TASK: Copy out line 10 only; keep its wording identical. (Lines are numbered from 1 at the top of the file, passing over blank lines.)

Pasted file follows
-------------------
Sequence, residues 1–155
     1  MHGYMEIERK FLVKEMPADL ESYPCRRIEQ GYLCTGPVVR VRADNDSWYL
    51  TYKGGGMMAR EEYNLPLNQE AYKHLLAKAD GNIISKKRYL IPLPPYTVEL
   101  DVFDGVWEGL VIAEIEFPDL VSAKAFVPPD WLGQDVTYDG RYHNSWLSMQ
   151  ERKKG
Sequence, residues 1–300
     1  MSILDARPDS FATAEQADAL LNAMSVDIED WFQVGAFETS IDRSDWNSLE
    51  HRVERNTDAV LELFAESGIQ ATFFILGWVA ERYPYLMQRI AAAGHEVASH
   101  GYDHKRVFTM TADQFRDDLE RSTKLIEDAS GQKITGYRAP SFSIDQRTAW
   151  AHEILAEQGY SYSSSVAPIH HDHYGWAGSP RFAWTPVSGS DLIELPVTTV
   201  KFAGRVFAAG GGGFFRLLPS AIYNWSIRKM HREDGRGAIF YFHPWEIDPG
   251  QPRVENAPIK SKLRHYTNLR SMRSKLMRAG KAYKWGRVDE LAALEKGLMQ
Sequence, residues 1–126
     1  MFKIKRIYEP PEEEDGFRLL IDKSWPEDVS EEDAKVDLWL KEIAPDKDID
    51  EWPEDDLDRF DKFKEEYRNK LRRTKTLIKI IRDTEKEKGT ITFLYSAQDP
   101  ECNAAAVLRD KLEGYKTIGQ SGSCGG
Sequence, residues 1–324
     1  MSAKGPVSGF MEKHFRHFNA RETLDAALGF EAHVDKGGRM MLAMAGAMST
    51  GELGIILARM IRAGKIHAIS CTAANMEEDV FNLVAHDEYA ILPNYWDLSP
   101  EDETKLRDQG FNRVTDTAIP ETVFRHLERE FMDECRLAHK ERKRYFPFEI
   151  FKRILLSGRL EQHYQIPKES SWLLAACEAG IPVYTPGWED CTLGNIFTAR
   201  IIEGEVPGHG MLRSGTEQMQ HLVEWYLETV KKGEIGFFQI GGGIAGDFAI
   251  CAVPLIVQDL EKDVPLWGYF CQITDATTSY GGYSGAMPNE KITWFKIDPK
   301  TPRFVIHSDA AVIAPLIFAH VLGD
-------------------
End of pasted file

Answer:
   151  AHEILAEQGY SYSSSVAPIH HDHYGWAGSP RFAWTPVSGS DLIELPVTTV